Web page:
Despite his unpromising track record, the Brüning company hired Forssman as its chief designer, and he dreamed up the monster triplane. Haddow and Grosz dismiss the project as another example of the Swede’s “naiveté,” and the proposal to bomb New York “as entirely in keeping with Forssman’s creative fantasy.” This damning verdict held fast in aviation history circles for more than four decades.
Then in 2009 aviation historian Günther Sollinger published an exhaustive biography of Forssman suggesting a very different picture. In the Siemens archive, Sollinger found evidence of a simmering feud between Forssman and two other designers on the staff, Bruno and Franz Steffen. At the same time Forssman’s early bomber was being tested, the Steffen brothers were developing a rival multi-engine bomber at SSW. Sollinger believes that the Steffens, popular ex-pilots who had served at the front, used their military connections to promote their own design and marginalize Forssman within the company. He thinks Haddow and Grosz were unduly influenced by a scathing unpublished account about Forssman that Bruno Steffen wrote in 1950. And Sollinger argues that rather than a sign of incompetence, the SSW-Forssman’s teething troubles were typical of an era when designers were struggling to figure out how to build the first generation of multi-engine airplanes. The Steffens themselves took more than a year to develop their bomber, with numerous setbacks.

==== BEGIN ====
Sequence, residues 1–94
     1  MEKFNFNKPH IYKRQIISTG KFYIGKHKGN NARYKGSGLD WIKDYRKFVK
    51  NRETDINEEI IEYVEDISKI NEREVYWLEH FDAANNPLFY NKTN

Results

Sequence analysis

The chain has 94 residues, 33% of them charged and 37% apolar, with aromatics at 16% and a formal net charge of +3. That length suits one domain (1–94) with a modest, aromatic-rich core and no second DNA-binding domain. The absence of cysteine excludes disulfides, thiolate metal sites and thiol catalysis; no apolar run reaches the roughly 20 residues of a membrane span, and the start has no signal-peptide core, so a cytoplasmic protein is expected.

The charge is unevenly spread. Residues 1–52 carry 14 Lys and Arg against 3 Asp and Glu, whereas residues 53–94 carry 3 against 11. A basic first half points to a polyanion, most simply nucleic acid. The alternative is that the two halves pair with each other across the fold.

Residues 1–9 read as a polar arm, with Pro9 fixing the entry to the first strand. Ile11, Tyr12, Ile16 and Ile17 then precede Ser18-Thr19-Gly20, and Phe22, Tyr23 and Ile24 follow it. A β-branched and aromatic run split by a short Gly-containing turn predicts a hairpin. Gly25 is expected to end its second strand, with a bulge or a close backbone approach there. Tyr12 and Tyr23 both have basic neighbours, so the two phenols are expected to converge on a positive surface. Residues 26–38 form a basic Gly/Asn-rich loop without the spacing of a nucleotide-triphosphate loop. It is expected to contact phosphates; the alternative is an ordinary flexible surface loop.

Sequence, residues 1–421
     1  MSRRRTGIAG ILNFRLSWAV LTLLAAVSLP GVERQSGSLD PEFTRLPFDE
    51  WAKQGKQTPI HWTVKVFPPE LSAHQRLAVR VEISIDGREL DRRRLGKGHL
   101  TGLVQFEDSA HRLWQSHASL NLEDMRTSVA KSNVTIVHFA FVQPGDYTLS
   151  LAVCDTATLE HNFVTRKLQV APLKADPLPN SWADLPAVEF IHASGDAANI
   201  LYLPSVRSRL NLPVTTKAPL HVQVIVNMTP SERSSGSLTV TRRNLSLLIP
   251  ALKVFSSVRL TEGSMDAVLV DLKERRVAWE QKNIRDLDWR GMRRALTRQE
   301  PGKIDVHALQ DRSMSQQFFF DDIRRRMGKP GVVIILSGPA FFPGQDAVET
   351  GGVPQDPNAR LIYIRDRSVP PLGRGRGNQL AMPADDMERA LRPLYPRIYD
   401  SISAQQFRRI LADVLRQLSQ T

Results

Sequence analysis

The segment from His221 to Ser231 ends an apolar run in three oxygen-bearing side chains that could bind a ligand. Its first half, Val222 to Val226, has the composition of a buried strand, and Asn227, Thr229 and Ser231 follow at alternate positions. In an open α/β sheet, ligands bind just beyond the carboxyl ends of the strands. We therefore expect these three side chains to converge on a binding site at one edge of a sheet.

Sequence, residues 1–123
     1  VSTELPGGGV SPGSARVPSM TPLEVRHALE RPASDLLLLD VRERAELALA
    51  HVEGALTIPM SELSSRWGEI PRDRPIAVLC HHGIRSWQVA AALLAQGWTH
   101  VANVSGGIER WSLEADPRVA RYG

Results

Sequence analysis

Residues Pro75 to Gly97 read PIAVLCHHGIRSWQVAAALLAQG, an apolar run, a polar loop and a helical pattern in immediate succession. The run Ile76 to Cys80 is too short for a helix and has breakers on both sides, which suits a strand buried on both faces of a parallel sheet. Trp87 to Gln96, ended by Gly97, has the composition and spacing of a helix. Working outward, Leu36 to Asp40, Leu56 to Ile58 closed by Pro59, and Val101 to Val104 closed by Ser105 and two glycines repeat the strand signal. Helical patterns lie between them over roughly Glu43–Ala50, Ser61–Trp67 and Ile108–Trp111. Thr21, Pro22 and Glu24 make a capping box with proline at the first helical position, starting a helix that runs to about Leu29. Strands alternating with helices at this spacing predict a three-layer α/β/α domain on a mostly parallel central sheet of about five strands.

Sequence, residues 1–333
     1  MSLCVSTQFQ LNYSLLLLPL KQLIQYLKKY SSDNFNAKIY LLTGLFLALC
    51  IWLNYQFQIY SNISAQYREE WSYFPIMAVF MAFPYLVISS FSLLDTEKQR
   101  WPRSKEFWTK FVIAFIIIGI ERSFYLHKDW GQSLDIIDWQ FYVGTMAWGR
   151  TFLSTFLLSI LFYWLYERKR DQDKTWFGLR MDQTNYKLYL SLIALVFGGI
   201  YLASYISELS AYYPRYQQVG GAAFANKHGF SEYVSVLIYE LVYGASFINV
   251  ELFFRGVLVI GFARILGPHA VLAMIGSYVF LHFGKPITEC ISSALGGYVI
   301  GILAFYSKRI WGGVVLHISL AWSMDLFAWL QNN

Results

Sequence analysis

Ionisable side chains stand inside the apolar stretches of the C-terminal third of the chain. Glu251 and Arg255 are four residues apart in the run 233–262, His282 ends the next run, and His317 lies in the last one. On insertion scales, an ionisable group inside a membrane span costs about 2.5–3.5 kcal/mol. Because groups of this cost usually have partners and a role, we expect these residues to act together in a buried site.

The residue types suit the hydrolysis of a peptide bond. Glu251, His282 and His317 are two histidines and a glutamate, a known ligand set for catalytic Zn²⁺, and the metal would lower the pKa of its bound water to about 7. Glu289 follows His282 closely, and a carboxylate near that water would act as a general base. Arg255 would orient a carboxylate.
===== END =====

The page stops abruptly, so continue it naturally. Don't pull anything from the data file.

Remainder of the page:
If our view of Forssman has been biased, what about his giant triplane? Sollinger’s dig into the archives unearthed conflicting accounts. In one navy document, the project is said to have originated as a civilian airliner for crossing the Atlantic—highly unlikely, given the wartime setting and the fact that the navy had loaned Brüning engines. A more credible report was written by the Swedish naval attaché in Berlin, who met with Forssman in the summer of 1917. During their talk, Forssman said that Brüning was constructing a number of the machines as heavy bombers for the navy to attack Paris and British cities from Germany. Fully loaded with 20 tons of bombs, the 75-ton triplane would have been able to reach as far as northern Scotland and return in about 13 hours. A veritable flying fortress, it was to be massively armed with a forest of machine guns and two cannons on the top wing. If Forssman was exaggerating to impress his Swedish contact, he certainly succeeded: The attaché wrote that “compared to this giant the latest army airplanes used in the attacks against London are merely toys.”